Iran enters Syria talks without preconditions

Iranian officials have entered the negotiations to find a political solution to the Syrian civil war though they will not accept conditions for President Bashar al-Assad's removal.

al-monitor Iranian Foreign Minister Mohammad Javad Zarif (R) and his Syrian counterpart Walid Moallem walk before they start a meeting in Tehran, Aug. 5, 2015. Photo by REUTERS/Raheb Homavandi.
Arash Karami

Arash Karami

@thekarami

Topics covered

syria crisis, mohammad javad zarif, iran-syria relations, iran-russian relations, iran, bashar al-assad

Oct 29, 2015

After years of wanting a seat at the table of the political process to end the 4½-year-old Syrian civil war, Iran will take part in talks in Vienna along with ministers from European and Middle Eastern countries. The invitation has led to a range of responses in Iranian media, from proclamations that Iran’s important status in the region has been recognized to concerns that the United States is using the talks as a cover to put American boots on the ground in Syria.

Jaffar Hagh-Panah wrote in Iran newspaper, which operates under President Hassan Rouhani's administration, “This is the first time that Iran has been invited without preconditions to the Syria peace negotiations.” He wrote that the most important short-term accomplishment for Iran’s presence in the talks could be the reduction in conflict and help with Syrians who have been displaced or are refugees.

Hagh-Panah added that if a political resolution is successful, it can reduce the anti-Iranian sentiment in the region and “Iran’s new place in the region will officially be recognized.” He believes that this will reduce regional tensions and help in addressing other crises, including Yemen, Iraq and Lebanon.

Javan newspaper, which is connected to the Islamic Revolutionary Guard Corps, wrote that Iran’s invitation to the talks is a side issue to the real story in Syria. The article said the invitation is connected to comments by US Secretary of Defense Ash Carter that there will be “direct action on the ground” by US forces in Syria and Iraq. The article stated that given the Syrian government’s recent successes on the battlefield, which have been helped by Russian air power, the United States is using the fight against the Islamic State as an excuse to have a military presence on the ground in Syria.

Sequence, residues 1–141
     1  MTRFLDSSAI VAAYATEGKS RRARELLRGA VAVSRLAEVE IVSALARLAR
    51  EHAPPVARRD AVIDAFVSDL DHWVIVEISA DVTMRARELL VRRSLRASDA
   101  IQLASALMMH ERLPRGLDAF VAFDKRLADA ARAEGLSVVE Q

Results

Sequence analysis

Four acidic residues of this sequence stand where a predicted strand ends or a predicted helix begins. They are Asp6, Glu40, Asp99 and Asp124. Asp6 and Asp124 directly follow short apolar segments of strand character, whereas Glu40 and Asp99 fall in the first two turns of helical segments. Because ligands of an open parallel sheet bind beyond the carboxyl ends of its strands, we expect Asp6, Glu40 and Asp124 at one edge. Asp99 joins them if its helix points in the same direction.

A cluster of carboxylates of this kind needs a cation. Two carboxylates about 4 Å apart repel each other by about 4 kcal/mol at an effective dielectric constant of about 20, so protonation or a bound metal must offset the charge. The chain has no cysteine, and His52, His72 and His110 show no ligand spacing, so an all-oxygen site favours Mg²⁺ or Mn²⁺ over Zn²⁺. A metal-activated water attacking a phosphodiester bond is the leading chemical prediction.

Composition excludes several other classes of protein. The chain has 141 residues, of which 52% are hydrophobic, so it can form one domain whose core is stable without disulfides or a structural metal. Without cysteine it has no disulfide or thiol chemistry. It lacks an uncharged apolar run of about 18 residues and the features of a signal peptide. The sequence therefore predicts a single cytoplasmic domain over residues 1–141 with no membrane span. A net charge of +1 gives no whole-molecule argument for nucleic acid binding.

The Oct. 30 talks will be the first time that Saudi and Iran will address the crisis in Syria. While Saudi Foreign Minister Adel al-Jubeir explicitly said Oct. 28 that they are hoping for there to be a “certainty that [President] Bashar al-Assad will leave,” comments by Iranian officials did not give any such guarantees.

Hossein Amir-Abdollahian, deputy foreign minister for Arab and African affairs, who accompanied Foreign Minister Mohammad Javad Zarif along with deputies Abbas Araghchi and Majid Takht-e-Ravanchi to Vienna, told Iranian television Oct. 29 that Iran’s involvement in the talks “is an opportunity to help strengthen the fights against terrorism and the political process in Syria.” He added, “Those who have the goal of transition from Bashar al-Assad know well that within the framework of a political process, it is only the Syrian people who can decide their own fate.”

Secretary of Iran’s Supreme National Security Council, Ali Shamkhani, also addressed the condition of Assad’s transition, saying Oct. 28 that Iran would enter the talks “without any preconditions.” One of the main obstacles to Iran attending political talks involving Syria was their rejection that they accept a June 2012 Geneva I communique stressing a “transition of power” that would force Assad to step aside.

While the prospect of Iran and Saudi Arabia sitting down together to address regional issues is hopeful, the harsh rhetoric between the countries has not subsided. The chief of staff of the armed forces, Hassan Firouzabadi, slammed Saudi Arabia’s role in the talks Oct. 29, calling it “suspect and illegitimate.”

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